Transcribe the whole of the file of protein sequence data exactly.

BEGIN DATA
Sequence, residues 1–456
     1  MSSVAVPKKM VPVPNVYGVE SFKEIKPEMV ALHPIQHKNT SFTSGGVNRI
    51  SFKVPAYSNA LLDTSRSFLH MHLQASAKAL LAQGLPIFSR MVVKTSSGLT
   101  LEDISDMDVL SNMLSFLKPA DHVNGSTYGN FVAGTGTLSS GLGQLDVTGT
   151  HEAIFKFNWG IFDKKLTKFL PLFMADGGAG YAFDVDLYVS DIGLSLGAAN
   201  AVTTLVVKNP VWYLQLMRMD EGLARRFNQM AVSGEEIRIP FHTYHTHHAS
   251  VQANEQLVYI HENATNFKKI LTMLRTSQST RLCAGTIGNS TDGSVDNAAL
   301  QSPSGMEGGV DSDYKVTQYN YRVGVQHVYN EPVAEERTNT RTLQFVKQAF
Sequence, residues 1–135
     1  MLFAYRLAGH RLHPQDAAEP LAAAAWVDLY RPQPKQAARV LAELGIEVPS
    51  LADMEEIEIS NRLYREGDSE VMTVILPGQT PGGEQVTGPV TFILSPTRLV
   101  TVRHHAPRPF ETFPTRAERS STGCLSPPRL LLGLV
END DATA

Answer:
Sequence, residues 1–456
     1  MSSVAVPKKM VPVPNVYGVE SFKEIKPEMV ALHPIQHKNT SFTSGGVNRI
    51  SFKVPAYSNA LLDTSRSFLH MHLQASAKAL LAQGLPIFSR MVVKTSSGLT
   101  LEDISDMDVL SNMLSFLKPA DHVNGSTYGN FVAGTGTLSS GLGQLDVTGT
   151  HEAIFKFNWG IFDKKLTKFL PLFMADGGAG YAFDVDLYVS DIGLSLGAAN
   201  AVTTLVVKNP VWYLQLMRMD EGLARRFNQM AVSGEEIRIP FHTYHTHHAS
   251  VQANEQLVYI HENATNFKKI LTMLRTSQST RLCAGTIGNS TDGSVDNAAL
   301  QSPSGMEGGV DSDYKVTQYN YRVGVQHVYN EPVAEERTNT RTLQFVKQAF
Sequence, residues 1–135
     1  MLFAYRLAGH RLHPQDAAEP LAAAAWVDLY RPQPKQAARV LAELGIEVPS
    51  LADMEEIEIS NRLYREGDSE VMTVILPGQT PGGEQVTGPV TFILSPTRLV
   101  TVRHHAPRPF ETFPTRAERS STGCLSPPRL LLGLV